Sennacherib's father Sargon II and grandfather Tiglath-pileser III had both been dual monarchs of Babylon and Assur. Sennacherib seems to have had little interest in Babylon taking no part in the important Babylonian New Year ceremonies that he was meant to attend as ruler of Babylon. This could also be due to the fact that he was also apposed in Babylon by a strong coalition of Arameans, Elamites and native Babylonians in 691BC. A fifteen year siege ensued which led to the Assyrian destruction of Babylon. The Assyrian Annals read: “At the beginning of my Kingship I brought about the overthrow of the king Merodach King of Babylylonia together with the armies of Elam in the plain of Kish. In the midst of that battle he forsook his camp made his escape alone, fled to Guzamanu went into the swamp marshes and thus saved his life. The Chariots, wagons, horses, mules, asses, camels and bactrian camels which he had forsaken at the onset of Battle my hands seized. Into his Palace in Babylon I entered joyfully and I opened his treasure house. Gold, silver vessels of gold and silver, precious stones of all kinds, goods and property and enormous heavy treasure. His wife, His heir, his courtiers and attendants, all of his artisans as many as there were, his Palace servants I brought out. I counted as spoil. I seized.” Sennacherib's destruction of Babylon did not totally destroy the great city, in fact the Babylonians would later play a part in the destruct of the Assyrian Empire, but it did serve to pacify the city for some time.

 

Later Esarhadden general followed the same policy towards Babylon as his predecessors when he gave his son Shamash-shum-ukin the kingship of Babylon. However Shamash-shum-ukin rebelled against his younger brother Ashurbanipal, 668 – 627 BC, when he was King of Assyria in 652 BC. Ashurbanipal had to campaign for several years to pacify Babylon once more which drained the Royal coffers and was ultimately partly responsible for the Assyrians own demise.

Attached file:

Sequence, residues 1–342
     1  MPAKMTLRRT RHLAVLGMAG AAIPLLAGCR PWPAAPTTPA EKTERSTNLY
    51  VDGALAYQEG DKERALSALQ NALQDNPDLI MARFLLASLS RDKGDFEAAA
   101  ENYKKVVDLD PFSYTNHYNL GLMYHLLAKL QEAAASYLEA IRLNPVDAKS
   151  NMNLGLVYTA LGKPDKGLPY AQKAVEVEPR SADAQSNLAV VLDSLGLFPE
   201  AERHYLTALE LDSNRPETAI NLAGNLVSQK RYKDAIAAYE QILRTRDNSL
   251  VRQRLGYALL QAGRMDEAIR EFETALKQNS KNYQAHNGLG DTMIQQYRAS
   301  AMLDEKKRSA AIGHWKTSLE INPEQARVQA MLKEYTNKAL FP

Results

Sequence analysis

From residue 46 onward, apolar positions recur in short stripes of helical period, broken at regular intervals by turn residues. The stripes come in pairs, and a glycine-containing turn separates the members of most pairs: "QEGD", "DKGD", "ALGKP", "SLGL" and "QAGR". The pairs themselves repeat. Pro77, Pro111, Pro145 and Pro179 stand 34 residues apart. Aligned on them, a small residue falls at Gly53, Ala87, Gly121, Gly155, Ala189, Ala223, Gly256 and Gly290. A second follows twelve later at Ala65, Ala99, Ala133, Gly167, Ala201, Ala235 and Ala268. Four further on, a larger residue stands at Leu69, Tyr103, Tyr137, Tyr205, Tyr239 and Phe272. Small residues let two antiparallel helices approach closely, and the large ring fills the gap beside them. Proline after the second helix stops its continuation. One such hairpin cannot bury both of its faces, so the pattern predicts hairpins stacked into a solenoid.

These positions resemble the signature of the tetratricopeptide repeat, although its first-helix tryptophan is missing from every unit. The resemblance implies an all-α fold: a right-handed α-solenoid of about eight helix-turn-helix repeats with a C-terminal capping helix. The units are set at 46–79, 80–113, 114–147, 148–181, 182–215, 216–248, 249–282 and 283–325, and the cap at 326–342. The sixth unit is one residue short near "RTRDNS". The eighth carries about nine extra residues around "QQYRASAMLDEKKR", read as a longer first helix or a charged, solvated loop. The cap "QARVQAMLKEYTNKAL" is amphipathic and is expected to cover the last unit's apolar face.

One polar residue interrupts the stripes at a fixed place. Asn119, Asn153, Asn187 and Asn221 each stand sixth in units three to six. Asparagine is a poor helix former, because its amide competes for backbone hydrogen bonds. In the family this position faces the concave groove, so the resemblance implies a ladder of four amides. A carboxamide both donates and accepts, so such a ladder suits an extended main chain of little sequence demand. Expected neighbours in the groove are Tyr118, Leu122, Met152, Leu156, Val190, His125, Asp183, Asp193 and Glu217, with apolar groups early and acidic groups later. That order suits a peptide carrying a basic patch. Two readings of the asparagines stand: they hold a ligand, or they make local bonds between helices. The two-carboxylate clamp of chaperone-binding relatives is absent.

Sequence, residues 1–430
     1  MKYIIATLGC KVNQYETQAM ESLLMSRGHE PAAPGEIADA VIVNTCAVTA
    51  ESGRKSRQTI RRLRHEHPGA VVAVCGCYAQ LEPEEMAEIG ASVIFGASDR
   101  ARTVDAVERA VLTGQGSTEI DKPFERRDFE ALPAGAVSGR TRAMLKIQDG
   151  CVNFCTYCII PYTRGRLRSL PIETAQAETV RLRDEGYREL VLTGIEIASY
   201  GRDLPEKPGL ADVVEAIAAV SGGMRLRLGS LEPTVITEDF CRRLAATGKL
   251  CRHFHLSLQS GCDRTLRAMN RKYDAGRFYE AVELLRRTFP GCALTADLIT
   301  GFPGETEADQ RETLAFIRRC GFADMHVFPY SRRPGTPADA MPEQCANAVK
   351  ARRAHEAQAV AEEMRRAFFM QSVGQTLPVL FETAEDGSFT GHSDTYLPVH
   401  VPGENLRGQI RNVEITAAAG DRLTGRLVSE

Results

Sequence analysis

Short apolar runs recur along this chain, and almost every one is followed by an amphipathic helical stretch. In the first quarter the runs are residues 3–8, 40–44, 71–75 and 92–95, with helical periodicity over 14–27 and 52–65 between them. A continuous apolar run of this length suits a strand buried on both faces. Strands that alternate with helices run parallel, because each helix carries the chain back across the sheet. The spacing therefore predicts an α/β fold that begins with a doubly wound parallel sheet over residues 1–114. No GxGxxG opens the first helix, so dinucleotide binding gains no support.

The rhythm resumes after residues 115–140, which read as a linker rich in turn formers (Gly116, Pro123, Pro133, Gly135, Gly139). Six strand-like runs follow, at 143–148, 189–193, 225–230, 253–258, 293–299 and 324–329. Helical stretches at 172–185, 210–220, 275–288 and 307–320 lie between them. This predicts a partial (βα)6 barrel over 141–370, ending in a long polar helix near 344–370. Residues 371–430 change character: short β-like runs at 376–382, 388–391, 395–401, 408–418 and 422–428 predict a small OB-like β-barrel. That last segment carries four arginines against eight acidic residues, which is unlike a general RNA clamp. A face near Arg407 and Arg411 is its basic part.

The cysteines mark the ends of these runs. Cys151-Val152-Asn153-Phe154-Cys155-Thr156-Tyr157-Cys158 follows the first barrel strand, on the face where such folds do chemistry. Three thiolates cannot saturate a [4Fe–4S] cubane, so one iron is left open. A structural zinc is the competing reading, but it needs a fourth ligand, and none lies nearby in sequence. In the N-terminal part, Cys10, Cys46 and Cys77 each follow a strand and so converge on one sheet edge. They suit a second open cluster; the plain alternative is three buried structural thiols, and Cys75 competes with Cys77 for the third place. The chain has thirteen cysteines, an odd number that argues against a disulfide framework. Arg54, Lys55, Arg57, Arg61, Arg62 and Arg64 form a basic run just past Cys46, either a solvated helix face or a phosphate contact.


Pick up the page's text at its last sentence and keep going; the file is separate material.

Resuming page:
Esarhadden saw the need to rebuild Babylon after the Sennacherib's destruction perhaps out of respect for the ancient city or sympathy at the Babylonians loss. He could not blame his father Sennacherib for the destruction of Babylon as this would have caused all sorts of theological and political questions, so the source of the destruction was attributed the Babylonians Greed. In his inscription the Assyrians were cast as the agents of the vengeful Babylonian God Marduk: “Before my time in the reign of an earlier King there befell evil days in Sumer and Akad. The people who dwelt in Babylon split into factions plotting rebellion the while. They stretched their hands into the Temple of the Gods and squandered its gold silver and precious stones to Elam in payment for aid. Anger seized the lord of the Gods, Marduk, for the overthrow of the land and the destruction of its people he decided evil plans. Seventy years as the period of its destruction he wrote down in the book of fate. But the merciful Marduk his anger lasted but a moment turned the book of fate upside down and orderer, the cities, restoration in the eleventh year. I summoned all of my artisans and the people of Babylonia in their totality. I made them carry the basket and laid the head pan upon them in choice oil, honey, butter, wine of the shining mountains I laid its foundation walls. Babylon the city under feudal protection. Its outer wall and its inner wall from their foundations to their turrets I built new”.